Note to self: when evening gilds the sky, turn off the computer.

It should have occurred to me when I selected my three words for 2012 (be, still, and know) that the location of my office could create a roadblock to keeping my commitments. I work out of my home, so there’s nothing separating me from work and the rest of life except will-power, of which I have very little.  I say I want to fit stillness into my days, but I’m hooked on the rush of rushing on.

In fact, it’s been one busyness bender after another since I declared a commitment to “still.” But hope springs eternal, and I’m determined to do better this month.

Just in time, I think I’ve found a method that can head me in the right direction. It comes from Tom Basson, a guest blogger on Michael Hyatt’s Intentional Leadership.  Tom’s the spiritual growth pastor at Grace Family Church in Durban, South Africa, a blogger in his own right, and it seems, as hooked on the drug of doing as am I.

That’s why he intentionally creates a “finishing line” at the end of each day. Tom explains:

I draw an imaginary line in the sand and choose to put the day behind me, shifting my attitude, heart, and thoughts towards the next part of my day—whether that’s exercise, recreation, or family time. Here’s how I do it:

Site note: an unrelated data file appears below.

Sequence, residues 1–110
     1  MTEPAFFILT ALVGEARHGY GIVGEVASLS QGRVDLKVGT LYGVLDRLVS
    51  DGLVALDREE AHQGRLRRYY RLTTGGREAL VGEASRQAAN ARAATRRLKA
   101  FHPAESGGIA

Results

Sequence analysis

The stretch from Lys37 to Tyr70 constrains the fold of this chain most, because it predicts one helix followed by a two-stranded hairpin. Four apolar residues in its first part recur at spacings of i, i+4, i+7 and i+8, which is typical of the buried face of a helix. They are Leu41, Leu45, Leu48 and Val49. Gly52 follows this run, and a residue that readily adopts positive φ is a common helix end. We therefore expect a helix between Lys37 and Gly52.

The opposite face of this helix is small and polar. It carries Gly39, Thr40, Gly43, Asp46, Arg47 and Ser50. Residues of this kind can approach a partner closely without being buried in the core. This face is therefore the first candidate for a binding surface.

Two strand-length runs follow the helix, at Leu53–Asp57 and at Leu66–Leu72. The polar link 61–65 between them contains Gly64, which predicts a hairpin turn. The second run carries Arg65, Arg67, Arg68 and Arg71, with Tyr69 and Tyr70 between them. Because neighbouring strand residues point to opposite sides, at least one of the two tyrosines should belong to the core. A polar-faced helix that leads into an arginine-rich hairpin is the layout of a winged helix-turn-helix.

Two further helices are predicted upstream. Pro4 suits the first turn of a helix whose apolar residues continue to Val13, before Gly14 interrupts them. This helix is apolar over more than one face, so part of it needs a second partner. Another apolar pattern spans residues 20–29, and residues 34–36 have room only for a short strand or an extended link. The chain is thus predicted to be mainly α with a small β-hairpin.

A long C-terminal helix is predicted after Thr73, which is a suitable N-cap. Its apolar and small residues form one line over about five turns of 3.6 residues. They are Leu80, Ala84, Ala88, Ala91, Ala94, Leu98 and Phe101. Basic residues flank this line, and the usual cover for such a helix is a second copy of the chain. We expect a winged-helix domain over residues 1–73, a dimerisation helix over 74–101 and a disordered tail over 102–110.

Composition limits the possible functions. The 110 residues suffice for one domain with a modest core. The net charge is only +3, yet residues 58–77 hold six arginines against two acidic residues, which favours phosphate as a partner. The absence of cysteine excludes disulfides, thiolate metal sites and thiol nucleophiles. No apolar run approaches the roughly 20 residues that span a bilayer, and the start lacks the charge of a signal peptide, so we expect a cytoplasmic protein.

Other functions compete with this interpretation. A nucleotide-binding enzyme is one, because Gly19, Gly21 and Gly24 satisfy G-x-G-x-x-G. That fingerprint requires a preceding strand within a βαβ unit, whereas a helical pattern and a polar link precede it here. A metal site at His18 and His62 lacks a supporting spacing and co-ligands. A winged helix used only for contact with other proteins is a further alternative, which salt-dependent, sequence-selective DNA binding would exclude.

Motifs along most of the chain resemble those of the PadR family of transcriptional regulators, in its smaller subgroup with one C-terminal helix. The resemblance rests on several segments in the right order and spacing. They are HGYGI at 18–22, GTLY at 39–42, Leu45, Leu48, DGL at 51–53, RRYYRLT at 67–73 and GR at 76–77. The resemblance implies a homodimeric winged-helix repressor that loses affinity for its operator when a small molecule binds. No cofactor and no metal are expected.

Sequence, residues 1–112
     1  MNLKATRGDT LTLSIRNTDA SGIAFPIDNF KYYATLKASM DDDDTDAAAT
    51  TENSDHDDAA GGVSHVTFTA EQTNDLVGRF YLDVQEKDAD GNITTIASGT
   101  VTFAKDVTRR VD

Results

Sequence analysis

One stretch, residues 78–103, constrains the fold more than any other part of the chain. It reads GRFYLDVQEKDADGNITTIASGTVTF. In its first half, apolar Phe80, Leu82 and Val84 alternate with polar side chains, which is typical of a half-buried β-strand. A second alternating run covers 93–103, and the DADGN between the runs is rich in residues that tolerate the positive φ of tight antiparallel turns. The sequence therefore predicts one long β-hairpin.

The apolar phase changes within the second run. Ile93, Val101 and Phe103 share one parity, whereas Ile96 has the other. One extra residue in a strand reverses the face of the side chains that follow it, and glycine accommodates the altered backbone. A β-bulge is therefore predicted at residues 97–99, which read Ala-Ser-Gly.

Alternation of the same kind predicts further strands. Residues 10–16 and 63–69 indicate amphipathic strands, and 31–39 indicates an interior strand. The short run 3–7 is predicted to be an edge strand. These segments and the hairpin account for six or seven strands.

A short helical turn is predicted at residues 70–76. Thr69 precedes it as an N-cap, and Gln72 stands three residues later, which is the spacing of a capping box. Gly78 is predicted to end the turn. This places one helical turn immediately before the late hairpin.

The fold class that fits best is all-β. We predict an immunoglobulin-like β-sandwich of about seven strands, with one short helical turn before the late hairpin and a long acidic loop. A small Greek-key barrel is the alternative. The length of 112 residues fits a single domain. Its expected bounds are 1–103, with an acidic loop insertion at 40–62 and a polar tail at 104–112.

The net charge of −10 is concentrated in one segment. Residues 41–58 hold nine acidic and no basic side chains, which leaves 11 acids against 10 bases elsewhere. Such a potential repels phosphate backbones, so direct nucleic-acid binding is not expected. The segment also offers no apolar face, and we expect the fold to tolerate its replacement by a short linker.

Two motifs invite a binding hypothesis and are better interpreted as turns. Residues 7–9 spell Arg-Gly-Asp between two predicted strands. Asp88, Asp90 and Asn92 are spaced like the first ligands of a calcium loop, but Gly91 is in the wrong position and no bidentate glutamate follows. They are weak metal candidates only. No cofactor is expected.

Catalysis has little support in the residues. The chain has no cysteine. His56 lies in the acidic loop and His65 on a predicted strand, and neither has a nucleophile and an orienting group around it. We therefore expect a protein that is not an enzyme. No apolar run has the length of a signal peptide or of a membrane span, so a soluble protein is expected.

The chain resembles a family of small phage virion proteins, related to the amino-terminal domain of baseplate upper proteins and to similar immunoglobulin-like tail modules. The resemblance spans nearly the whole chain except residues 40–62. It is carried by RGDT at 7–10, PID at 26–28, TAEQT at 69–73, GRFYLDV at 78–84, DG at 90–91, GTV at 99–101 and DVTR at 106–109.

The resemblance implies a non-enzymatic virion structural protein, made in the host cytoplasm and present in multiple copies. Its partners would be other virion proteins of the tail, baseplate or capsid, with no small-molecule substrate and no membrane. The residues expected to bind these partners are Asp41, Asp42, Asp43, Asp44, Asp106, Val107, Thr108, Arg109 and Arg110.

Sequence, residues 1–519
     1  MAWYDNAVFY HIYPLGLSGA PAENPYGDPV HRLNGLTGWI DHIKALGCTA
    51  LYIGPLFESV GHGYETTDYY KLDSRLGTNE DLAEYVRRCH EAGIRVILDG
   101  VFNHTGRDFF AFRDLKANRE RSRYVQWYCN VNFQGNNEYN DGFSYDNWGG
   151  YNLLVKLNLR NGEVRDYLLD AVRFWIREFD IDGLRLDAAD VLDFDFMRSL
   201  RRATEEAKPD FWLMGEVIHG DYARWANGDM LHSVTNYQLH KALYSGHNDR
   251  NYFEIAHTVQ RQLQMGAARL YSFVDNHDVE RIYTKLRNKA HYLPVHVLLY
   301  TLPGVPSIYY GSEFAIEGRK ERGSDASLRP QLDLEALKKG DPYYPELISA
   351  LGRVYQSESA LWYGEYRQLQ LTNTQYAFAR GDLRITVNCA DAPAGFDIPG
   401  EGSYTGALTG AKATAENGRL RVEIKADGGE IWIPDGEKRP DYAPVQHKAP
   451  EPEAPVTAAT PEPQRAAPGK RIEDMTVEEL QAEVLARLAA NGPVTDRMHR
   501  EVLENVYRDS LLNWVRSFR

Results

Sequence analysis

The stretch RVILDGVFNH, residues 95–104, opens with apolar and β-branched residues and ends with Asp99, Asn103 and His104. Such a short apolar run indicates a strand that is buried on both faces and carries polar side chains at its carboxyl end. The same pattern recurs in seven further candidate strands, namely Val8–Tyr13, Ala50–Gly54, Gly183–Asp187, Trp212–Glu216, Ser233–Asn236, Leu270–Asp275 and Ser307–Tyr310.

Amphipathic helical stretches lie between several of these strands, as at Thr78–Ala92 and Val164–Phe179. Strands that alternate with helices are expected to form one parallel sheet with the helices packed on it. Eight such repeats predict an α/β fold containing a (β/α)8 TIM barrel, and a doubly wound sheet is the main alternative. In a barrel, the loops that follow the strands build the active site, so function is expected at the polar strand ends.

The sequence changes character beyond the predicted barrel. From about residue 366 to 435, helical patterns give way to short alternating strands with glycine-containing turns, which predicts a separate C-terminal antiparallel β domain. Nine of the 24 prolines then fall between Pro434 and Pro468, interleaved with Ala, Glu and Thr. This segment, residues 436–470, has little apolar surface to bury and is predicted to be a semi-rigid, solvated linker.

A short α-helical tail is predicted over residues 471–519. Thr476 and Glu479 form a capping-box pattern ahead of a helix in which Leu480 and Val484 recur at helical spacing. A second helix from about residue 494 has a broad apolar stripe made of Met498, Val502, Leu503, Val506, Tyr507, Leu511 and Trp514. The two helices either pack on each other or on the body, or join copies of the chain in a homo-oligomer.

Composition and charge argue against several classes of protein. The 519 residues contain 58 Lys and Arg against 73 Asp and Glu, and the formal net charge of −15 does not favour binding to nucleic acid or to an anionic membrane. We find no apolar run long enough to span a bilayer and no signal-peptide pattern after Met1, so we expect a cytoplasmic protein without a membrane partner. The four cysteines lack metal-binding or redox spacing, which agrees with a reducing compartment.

As the final activity before leaving work in the evening, I set aside twenty minutes to take stock of what’s happened today and decide the most important tasks to accomplish tomorrow.

I do this by asking myself a series of questions:

  • How did the day go? What success did I experience? What challenges?
  • What did I learn today? About myself? About others? What do I plan to do differently, or the same, tomorrow?
  • Who did I interact with? Anyone I need to update? Thank? Apologize? Ask a question? Share feedback?

Taking this time to reflect allows me to clarify my thoughts, collect myself, refuel and renew my mind, and make conscious “course corrections” that ultimately save time and energy. And it’s made all the difference.

Hmm. Sounds like a plan that could work for me. I’ll report back at the end of the month – assuming I make it to the finishing line.

Question: All you other rat racers, what do you do to cross the finishing line at the end of the day?

3 responses to “Note to self: when evening gilds the sky, turn off the computer.

  1. I could identify with this. When I was Dean, at the end of each day I made a list of the most important things to do the next day. Then I got in a half-hour before everyone else and devoted it to things on the list. Sometimes I stayed in the office late but I did not take work home.

    Good luck on giving your computer a Sabbath rest’

  2. So, how did it go? Have you managed to incorporate this practice into your life? I don’t always get it right, but it has certainly helped me create space n my mind and heart.

    • Unfortunately, Tom, recently I’ve not stuck with my determination to shut down my computer at a reasonable hour. But your comment has helped me determine to get back on that wagon. Thank you.

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